HME News

AUG 2018

HME News is the monthly business newspaper for home medical equipment providers. This controlled circulation publication reaches 17,100 home medical equipment services providers, including traditional HME dealers & suppliers, hospital- and pharmacy-o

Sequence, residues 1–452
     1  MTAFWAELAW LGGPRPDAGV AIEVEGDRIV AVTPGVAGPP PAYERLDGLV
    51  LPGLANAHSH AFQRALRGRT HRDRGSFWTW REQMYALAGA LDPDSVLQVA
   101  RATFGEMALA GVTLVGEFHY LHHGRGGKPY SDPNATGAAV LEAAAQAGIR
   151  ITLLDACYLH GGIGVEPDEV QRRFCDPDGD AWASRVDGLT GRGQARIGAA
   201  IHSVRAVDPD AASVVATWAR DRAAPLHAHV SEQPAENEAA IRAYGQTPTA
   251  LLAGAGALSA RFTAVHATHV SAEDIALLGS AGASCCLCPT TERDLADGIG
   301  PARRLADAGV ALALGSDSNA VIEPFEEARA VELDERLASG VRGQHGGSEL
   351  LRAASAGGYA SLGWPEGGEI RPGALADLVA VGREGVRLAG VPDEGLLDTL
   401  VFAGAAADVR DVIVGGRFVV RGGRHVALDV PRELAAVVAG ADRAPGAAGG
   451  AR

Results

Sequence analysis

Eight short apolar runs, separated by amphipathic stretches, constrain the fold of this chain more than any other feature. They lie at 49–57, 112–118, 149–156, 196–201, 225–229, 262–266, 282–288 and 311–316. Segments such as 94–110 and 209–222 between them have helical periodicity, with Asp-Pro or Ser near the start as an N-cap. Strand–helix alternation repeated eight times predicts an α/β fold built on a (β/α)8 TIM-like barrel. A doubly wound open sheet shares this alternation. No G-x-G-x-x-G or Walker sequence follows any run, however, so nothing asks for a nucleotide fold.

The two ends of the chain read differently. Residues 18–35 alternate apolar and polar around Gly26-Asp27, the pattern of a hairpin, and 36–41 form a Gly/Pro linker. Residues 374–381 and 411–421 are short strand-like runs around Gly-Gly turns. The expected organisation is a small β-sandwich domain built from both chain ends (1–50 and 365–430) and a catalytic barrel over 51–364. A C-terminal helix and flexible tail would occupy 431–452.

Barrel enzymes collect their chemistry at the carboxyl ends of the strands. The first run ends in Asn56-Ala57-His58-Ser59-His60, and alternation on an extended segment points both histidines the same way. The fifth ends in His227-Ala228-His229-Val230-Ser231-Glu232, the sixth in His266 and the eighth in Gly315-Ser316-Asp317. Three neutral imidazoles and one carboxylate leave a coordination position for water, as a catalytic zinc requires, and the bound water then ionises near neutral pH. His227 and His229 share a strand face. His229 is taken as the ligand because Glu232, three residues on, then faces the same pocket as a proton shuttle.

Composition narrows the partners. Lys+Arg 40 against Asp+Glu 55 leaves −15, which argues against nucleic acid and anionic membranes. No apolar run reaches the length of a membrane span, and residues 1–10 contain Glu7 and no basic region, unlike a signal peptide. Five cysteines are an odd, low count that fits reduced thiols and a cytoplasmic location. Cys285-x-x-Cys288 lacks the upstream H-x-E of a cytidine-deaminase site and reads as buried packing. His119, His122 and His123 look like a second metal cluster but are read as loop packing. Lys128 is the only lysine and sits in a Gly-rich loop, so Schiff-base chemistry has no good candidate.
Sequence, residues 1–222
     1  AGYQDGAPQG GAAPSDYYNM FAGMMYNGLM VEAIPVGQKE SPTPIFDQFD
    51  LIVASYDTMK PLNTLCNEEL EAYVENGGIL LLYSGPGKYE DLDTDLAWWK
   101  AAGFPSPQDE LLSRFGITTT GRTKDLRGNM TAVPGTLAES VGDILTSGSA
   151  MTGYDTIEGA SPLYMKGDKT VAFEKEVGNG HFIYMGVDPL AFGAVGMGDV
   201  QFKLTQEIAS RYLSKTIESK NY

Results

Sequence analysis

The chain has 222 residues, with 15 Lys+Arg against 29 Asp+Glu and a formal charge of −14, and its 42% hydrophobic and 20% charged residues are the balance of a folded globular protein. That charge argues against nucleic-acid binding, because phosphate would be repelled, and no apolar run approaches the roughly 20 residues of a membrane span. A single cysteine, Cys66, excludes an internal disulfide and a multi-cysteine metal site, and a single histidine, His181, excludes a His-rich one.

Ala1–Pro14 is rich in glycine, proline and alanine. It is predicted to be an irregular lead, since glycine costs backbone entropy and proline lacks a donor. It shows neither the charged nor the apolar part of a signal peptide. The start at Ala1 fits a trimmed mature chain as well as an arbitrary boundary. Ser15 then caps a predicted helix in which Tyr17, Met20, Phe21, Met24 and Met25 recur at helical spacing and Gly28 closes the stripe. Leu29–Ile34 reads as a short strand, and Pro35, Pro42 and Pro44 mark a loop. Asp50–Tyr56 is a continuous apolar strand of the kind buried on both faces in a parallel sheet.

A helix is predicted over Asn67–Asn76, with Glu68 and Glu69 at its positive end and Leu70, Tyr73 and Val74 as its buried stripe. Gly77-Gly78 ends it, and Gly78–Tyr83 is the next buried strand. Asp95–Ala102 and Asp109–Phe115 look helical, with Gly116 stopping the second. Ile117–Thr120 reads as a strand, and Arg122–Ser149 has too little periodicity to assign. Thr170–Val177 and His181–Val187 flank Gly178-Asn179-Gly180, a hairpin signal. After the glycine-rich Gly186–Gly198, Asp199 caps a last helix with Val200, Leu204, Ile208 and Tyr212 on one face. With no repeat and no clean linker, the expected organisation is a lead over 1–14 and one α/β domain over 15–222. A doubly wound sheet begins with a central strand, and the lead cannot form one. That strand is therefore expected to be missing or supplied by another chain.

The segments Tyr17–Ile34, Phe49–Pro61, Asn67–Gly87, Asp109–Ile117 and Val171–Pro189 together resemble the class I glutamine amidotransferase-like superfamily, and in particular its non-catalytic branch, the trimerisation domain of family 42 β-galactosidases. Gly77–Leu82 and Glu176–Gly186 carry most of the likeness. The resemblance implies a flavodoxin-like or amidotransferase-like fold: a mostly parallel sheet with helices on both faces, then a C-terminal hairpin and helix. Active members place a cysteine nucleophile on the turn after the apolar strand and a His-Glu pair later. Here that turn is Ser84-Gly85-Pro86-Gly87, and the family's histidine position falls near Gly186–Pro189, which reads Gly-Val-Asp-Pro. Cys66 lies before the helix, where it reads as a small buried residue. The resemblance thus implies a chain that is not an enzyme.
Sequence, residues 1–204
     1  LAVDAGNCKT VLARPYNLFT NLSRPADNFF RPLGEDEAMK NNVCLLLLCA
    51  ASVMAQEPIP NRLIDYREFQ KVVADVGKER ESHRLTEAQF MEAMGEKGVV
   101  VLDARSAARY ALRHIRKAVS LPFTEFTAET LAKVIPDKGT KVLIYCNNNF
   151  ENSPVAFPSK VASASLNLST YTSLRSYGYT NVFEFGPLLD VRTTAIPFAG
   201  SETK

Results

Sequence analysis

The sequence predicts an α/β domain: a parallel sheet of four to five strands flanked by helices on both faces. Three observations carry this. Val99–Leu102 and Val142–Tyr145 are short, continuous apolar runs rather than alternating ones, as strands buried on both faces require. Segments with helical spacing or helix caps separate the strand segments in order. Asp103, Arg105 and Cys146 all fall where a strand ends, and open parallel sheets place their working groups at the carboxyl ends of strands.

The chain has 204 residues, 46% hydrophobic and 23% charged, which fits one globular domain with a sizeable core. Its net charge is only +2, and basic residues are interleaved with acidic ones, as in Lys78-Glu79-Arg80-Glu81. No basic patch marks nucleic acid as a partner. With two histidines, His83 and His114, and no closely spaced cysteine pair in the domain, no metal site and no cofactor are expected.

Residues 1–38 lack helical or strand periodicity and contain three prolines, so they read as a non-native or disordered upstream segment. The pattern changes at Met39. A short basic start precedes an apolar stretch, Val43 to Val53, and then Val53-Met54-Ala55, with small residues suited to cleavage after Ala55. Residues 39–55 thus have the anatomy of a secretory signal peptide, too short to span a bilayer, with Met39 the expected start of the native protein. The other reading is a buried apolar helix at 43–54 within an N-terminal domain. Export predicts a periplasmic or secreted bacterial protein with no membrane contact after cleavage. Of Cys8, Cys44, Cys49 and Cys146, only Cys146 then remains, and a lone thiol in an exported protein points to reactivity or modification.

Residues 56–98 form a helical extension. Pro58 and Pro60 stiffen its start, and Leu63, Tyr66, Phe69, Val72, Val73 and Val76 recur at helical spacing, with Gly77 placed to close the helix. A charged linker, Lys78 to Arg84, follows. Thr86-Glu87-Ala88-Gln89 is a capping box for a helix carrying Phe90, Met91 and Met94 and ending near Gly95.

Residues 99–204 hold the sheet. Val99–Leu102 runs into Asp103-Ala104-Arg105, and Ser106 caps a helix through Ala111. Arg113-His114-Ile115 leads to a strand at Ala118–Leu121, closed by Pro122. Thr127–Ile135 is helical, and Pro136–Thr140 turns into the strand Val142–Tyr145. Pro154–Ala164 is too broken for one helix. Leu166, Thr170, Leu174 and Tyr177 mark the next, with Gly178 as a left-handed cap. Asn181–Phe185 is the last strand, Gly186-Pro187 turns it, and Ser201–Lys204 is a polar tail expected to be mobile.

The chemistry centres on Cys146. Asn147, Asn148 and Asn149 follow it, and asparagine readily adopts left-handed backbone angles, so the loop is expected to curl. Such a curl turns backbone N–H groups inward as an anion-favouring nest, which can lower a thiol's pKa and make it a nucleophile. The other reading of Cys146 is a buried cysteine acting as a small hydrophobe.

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Vendors hme news / august 2018 / 21 PROCHANT c o n t i n u e d f r o m p r e v i o u s pa g e Periodicals postage paid at Yarmouth, ME and additional mailing office. HME News (I ssn 10913823) is published monthly by United Publications, Inc., 106 l afayette s t., P o Box 998, Yarmouth, ME 04096; 207-846-0600. Publisher assumes no responsibility for unsolicited material or prices quoted in the magazine. Contributors are responsible for proprietary classified information. ©2018 by United Publications. a ll rights reserved. r eproduction, in whole or in part, without written permission of the publisher is expressly prohibited. r eprints may be obtained from The YG s Group at 717- 505-9701, ext. 100. Back issues, when available, cost $7 each within the past 12 months, $12 each prior to the past 12 months. Back issue orders must be paid in advance either by check or charged to a merican Express, v isa, or Master Card. HME News is distributed without charge in n orth a merica to qualified home medical equipment providers. Paid print subscriptions to those not qualified cost $65 annually to the U. s . and Canada and $150 to all other countries. a ll payments must be made in U. s . funds drawn on a U. s . bank. f or subscriber services, including subscription information, please call 800-869-6882. P os TM as TE r : s end address changes to HME n ews, P o Box 1888, Cedar r apids, I a 52406-1888. SAN d IEGO – r esMed has acquired privately held HE al THC ar Efirst, a provider of software solutions and services for home health and hospice agencies. HE al THC ar Efirst offers electronic health record software, billing and coding services, and advanced analytics that allow home health and hospice agencies to optimize their clinical, financial and admin- istrative processes, r esMed says. "The home health and hospice segments are large and growing fast, due to the rising prevalence of chronic conditions and an aging population shifting to homecare and other lower-cost care settings," said r aj s odhi, president of r esMed's s aa s business. "HE al THC ar Efirst's solutions suite enables r esMed to help effi- ciently and effectively manage this growing population, benefiting patients, their families, agencies and payers." HE al THC ar Efirst will ResMed buys another software provider Moneyline complement the company's existing software solutions offered by Brightree, a software pro- vider for primarily the HME market, which it acquired in 2016. gR owth was o FF F o R F&P h ealthca R e's masks IRVINE, Calif. – f isher & Paykel Healthcare reported operating revenue grew 10% to a record n ZD 980.8 million, or 9% in constant currency terms, for fiscal year 2018. s plit up, that's 13% constant currency growth in the company's hospital product group and 4% growth in its homecare product group. f &P reported that its operating profit grew 12% to n ZD 269.8 million and its net profit after tax few 12% to n ZD 190.2 million in f Y 2018 vs. 2017. In the homecare product group, osa mask constant currency revenue growth was 5% for the first half of f Y2018, and 2% for the second half. "This is lower growth than we have experienced over the last few years as competitors introduced new masks to mar- ket," said l ewis Gradon, managing director and CE o . f &P says it plans to expand its range of masks later this year. osa flow gen- erator revenue declined 8% for the full year, but it saw 10% growth in constant currency terms for the second half of the year. Pa R achute h ealth att R acts secon D R oun D o F F un D ing NEW YORK – Parachute Health has attracted $9.5 million in new funding to expand its e-pre- scribing platform into key markets across the United s tates. The new funding was led by Harley Miller and Dan a hrens of Insight v en- ture Partners, and includes investment from G n YH a v entures and a nthony w elters, for- merly of UnitedHealth Group. hme activities—it's a real possibility, Graham says. "That's an important element of modern marketing—making up a word and owning it, like f acebook or s potify," he said. Prochant's decision to invest in more tradi- tional marketing channels is a sign the com- pany is "doubling down" on HME—it sees the demographics leaning in the industry's favor and reimbursement, hopefully, stabi- lizing, Graham says. " w e're investing because we feel like there's a huge opportunity," he said. Prochant believes ramping up its market- ing will allow it to capitalize on the increas- ing number of providers looking to outsource billing, Graham says. "In the past, outsourcing was a bad word," he said. " n ow providers are turning to it. It's the last place to save costs and improve effi- ciencies, and it allows them to focus on their core business." r iding the wave of its new brand, Prochant expects to triple in size in the next three years, says r aj Misra, vice president of marketing. " w e are also in the process of significant- ly un-leveling our technology offering with process automation and the application of predictive algorithms to help improve HME provider profitability," he said. " s o rebranding to a more modern-looking presence makes sense." hme RE f RESHE d c o n t i n u e d f r o m p r e v i o u s pa g e platform," a nderson said. a dditionally, while their products are "in great shape," U ss is preparing to launch a new content management solution named s towPoint. " w e see the need for a storage solu- tion that isn't just scanned docu- ments," a nderson said. "This solu- tion can hold video and audio files, and texts. a s healthcare moves more into telehealth, we wanted to get into that world." U ss expects everything to be "shiny and new" in s eptember, a nderson says. e m P hasis on team w ith nearly three decades with the same logo, Brentwood, Tenn.-based Team DME! felt it was time to update its look. But don't expect the company, which provides complete billing soft- ware, to "redefine" what it does, says Kent Barnes, direc- tor of marketing. " w e want to stay true to the team in our name, but real- ly try to emphasize it more," he said. " w e're proud that we work with our clients. w e listen to them and develop software based on what they need." o ne thing Team DME! will rede- fine: its tagline, Barnes says. "There will be people who ask us what we do, so we want to make soft- ware more prominent in the tagline," he said. a long with an updated logo and tagline, Team DME! plans to update its software and website with a clean- er look, fewer clicks and more mobile capabilities, Barnes says. " w e're re-modernizing our soft- ware," he said. a t press time, Team DME! was still in the throes of the rebrand, with plans for a marketing push once the process was complete. " w e thought it wouldn't be that hard, but it hasn't been easy," he said. hme ME d GROUP c o n t i n u e d f r o m p r e v i o u s pa g e " w e also anticipate offering our services more broadly to other healthcare markets," she said. Hines noted that any new or expanded services will incorporate feedback from members, much like the MED Clinical Path- ways Program, which was introduced last year and which was developed in consulta- tion with members and HealthCall. " o ur offerings have and will always be tailored to meet the needs of our members," she said. Hines says the parallel businesses and additional services haven't required MED to expand its staff—yet. " w e would anticipate adding resources as the MED Professional s ervices organization grows," she said. hme BLACKBURN ' S c o n t i n u e d f r o m pa g e 1 on lifts—everything from stair lifts to vertical platform lifts to patient over- head lifts—and ramps. Blackburn's has used a number of strategies for setting up the divi- sion for success, including leverag- ing waiver and trust fund programs to pay for lifts and ramps for their customers. " w hen we originally got involved in accessibility, we looked at it as a retail type of business and it still is," said n ick r ossey, Blackburn's certi- fied environmental access consul- tant. "But we've seen extraordinary growth over the years gaining those funds through waivers or trust funds. The truth is, accessibility can get to be very costly." The division now counts on waiver and trust fund programs for about 75% of its business, according to officials. a nother strategy has been for Blackburn's to do its own work. w hen a larger project requires, say, knocking down walls to install a lift, the company will subcontract that, but otherwise, it has invested in the manufacturer training, certification and even the tools to get the job done itself. "It took a couple of years to get to that point, but we have found it gives us better control of the end product and a more satisfied customer base," said r andy Prunty, the business devel- opment manager at Blackburn's. There's also this: Blackburn's has an a ccessibility Center, a showroom in a shopping mall that features lifts, ramps and more. B l a c k b u r n 's h a s n 't r u l e d o u t expanding the division to include home modifications like bathroom remodels and door widenings—it's already registered as a Pennsylvania Home Improvement Contractor. "Getting into that would probably grow the division astronomically," r ossey said. "But that's a whole dif- ferent ballgame and would require bringing on people who do that kind of work." hme "We're re- modernizing our software," says Kent Barnes of t eam dme ! MOTIVO TOUR c o n t i n u e d f r o m pa g e 1 in Series A financing for a total of $4.8 mil- lion. How is the company putting that money to use? Jeremy Knopow: w e've spent the last year or so moving our manufacturing in-house. w e used the latest round of funding to buy equip- ment and molds, and set up the processes. It has been a lot of work, but we felt like we needed to do it to control the quality that we wanted to make sure we deliver. hme : What's the manufacturing facility like? Knopow: It's about 15,000 square feet with 15 full-time and part-time employees. w e just hired someone else this morning—our manufacturing staff is growing very quickly. hme : In addition to in-house manufacturing, the money is tapped for advertising, right? Knopow: Yes, we just did our first national T v ad. It was a 10-day pilot, and we literally broke the call center the first day we ran the ad. It exceeded everyone's expectations. hme : You launched the Tour in limited release in 2017 and now you've launched it nationwide. Has the product been updated? Knopow: l ast year was helpful. w e got almost evangelical reviews on our website of people talking about how much better they felt, being able to stand upright. w e also got good feedback about wanting it to be lighter, smaller and cheaper. s o it's more than five pounds lighter. hme : One of the biggest benefits of the Tour is the ability to stow away the seat so users can walk upright inside the frame, rather than hunched over behind it. Seems obvious—why hasn't anyone thought of this before? Knopow: It's a good question. w hen we scoured the patent landscape and looked for things like that, we didn't find much. I think you had a product that was selling well at a profit, so why put money in r &D? But now that's getting blown up with competitive bid- ding, and it's more of a consumer product for retail. The user is also different now; they're an aging baby boomer population that helped to build apple into what it is today. hme : You sell direct to consumer through your website and TV ads, but you also sell through HME providers? Knopow: Yes to all of the above. w e are like most other people in the retail product cate- gory—we're going where people like to shop. hme : The Tour hasn't been coded by Medi- care, right? Knowpow: n o, and that was partly at the behest of providers. w ith minimal reimburse- ment, it's easier to market without it. But the Tour meets all the requirements—in fact, some providers have gotten private insurers to cover it. s ome users are showing up with scripts with this product specifically named on it. hme